- On March 2, 2020
Rounding out your understanding of different perspectives in investing is absolutely essential to being able to gracefully navigate the industry of investing as a whole. One of these must-understand perspectives is that of the syndicator: investors who purchase properties using other people’s money. Ira Zlotowitz navigates the viewpoint of syndicators when it comes to using the money they’ve raised to make investments. Because syndicators have become such a huge part of the investment industry ecosystem, it’s important to understand their perspective – why they do the things they do. Learn more about syndicators here!
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Chapter 2 – Through The Eyes Of The Syndicator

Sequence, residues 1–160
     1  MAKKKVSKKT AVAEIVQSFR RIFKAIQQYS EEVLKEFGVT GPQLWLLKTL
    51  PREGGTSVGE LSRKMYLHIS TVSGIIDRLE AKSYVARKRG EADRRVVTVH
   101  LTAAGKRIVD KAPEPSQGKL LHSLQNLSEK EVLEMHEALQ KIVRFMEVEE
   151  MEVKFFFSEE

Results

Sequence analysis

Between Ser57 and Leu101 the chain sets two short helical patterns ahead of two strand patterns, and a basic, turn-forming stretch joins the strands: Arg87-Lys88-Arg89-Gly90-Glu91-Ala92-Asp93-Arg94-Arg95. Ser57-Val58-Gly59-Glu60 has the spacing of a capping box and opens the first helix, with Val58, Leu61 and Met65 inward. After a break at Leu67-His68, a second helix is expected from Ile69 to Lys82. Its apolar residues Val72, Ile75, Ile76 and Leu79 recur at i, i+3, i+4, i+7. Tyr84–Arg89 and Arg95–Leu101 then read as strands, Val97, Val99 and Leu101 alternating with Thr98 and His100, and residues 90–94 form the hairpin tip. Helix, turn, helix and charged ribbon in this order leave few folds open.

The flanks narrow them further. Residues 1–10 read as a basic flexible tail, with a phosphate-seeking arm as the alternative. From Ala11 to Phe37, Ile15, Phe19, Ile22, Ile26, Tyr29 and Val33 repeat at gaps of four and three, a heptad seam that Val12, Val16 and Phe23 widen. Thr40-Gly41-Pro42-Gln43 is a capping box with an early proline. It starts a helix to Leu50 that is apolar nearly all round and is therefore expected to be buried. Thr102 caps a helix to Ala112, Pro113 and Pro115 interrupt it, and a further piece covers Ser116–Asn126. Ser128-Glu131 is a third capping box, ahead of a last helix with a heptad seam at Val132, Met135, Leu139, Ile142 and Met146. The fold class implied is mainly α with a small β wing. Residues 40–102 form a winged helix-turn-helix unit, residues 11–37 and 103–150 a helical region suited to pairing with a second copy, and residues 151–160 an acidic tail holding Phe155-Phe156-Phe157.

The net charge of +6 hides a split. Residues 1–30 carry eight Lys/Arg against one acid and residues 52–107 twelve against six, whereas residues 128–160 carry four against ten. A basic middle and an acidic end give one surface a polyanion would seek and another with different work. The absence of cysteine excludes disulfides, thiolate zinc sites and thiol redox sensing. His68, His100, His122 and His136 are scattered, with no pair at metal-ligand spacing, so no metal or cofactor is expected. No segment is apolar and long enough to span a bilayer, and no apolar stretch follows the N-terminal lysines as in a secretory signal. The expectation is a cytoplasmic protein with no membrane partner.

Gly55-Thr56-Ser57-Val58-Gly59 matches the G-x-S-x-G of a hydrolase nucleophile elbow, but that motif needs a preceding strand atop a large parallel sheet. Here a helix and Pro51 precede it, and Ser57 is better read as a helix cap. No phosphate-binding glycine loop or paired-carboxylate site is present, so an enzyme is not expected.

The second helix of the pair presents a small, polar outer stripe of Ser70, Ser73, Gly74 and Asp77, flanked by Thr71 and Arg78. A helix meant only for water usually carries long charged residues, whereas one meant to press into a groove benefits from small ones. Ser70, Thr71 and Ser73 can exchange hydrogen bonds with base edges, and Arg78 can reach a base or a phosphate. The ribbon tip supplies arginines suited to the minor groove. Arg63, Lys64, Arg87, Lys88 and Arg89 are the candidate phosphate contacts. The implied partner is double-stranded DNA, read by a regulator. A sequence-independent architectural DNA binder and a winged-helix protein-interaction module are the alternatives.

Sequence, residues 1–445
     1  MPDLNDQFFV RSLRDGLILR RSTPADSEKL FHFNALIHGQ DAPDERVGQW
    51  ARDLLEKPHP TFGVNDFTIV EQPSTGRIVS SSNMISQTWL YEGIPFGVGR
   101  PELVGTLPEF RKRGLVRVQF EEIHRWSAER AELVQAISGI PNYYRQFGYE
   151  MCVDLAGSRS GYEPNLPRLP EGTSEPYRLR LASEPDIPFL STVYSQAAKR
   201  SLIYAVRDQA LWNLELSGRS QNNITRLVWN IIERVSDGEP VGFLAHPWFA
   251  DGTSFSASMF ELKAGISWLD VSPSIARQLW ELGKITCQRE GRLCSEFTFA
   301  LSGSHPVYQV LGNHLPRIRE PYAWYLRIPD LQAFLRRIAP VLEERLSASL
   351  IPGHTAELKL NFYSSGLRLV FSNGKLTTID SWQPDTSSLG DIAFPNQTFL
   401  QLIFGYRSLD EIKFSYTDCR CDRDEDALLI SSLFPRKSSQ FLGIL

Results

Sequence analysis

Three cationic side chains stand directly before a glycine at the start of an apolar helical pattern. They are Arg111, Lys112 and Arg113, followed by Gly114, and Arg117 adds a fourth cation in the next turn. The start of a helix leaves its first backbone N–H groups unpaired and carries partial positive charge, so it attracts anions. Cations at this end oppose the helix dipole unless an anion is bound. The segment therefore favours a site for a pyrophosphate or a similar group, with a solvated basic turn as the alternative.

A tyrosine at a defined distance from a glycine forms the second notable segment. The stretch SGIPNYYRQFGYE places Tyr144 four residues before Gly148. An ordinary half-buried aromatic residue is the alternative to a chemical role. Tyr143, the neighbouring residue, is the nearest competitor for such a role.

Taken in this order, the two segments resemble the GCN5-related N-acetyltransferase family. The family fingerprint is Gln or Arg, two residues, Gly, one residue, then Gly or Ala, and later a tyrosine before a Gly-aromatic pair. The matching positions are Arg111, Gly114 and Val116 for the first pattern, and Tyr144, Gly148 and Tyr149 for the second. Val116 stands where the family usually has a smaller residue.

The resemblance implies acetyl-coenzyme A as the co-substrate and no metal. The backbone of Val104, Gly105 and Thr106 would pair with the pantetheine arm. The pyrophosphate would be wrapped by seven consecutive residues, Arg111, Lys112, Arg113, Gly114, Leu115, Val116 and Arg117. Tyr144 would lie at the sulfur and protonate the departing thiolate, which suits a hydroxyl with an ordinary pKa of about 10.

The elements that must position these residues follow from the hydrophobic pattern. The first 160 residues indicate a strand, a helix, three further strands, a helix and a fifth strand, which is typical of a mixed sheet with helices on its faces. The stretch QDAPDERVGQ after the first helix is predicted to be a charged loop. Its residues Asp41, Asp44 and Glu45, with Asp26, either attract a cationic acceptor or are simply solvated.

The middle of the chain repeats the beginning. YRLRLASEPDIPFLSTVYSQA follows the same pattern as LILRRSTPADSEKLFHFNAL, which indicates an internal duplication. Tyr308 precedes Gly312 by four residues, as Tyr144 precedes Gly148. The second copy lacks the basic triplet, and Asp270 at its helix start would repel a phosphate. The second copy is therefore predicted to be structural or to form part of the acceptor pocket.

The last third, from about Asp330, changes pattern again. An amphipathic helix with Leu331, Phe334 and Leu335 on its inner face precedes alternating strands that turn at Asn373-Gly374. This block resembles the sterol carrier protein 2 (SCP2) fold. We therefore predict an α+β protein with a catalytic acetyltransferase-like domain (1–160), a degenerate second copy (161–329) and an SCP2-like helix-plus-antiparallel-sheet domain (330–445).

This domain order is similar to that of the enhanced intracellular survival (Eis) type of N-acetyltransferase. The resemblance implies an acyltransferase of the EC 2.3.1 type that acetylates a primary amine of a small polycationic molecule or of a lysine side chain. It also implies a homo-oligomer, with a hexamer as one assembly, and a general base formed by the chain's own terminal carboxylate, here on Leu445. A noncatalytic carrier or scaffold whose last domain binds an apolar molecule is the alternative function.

We’re going to start with Chapter Two, which is also a perspective number two, through the eyes of the syndicator. Now you have an idea, it’s the person with the money. What about the syndicator, the person that’s buying the deal? Let’s start a little bit here to break it down. There’s been a lot of confusion with different terminologies as far as a buyer and owner, a syndicator. What is a syndicator? How does he/she differ from a real estate buyer? The answer is they’re both the same. Someone that’s buying real estate is a buyer. The nuanced difference is where’s the money coming from? A buyer buys real estate typically with their own money. They go to the contract. They bought a deal with their own money. A syndicator is somebody who comes, it’s called OPM, Other People’s Money primarily. They’re the person that will go to contract without the money. Let’s say they’re buying a $10 million deal and they have to come up with $2.5 million to $3 million in total.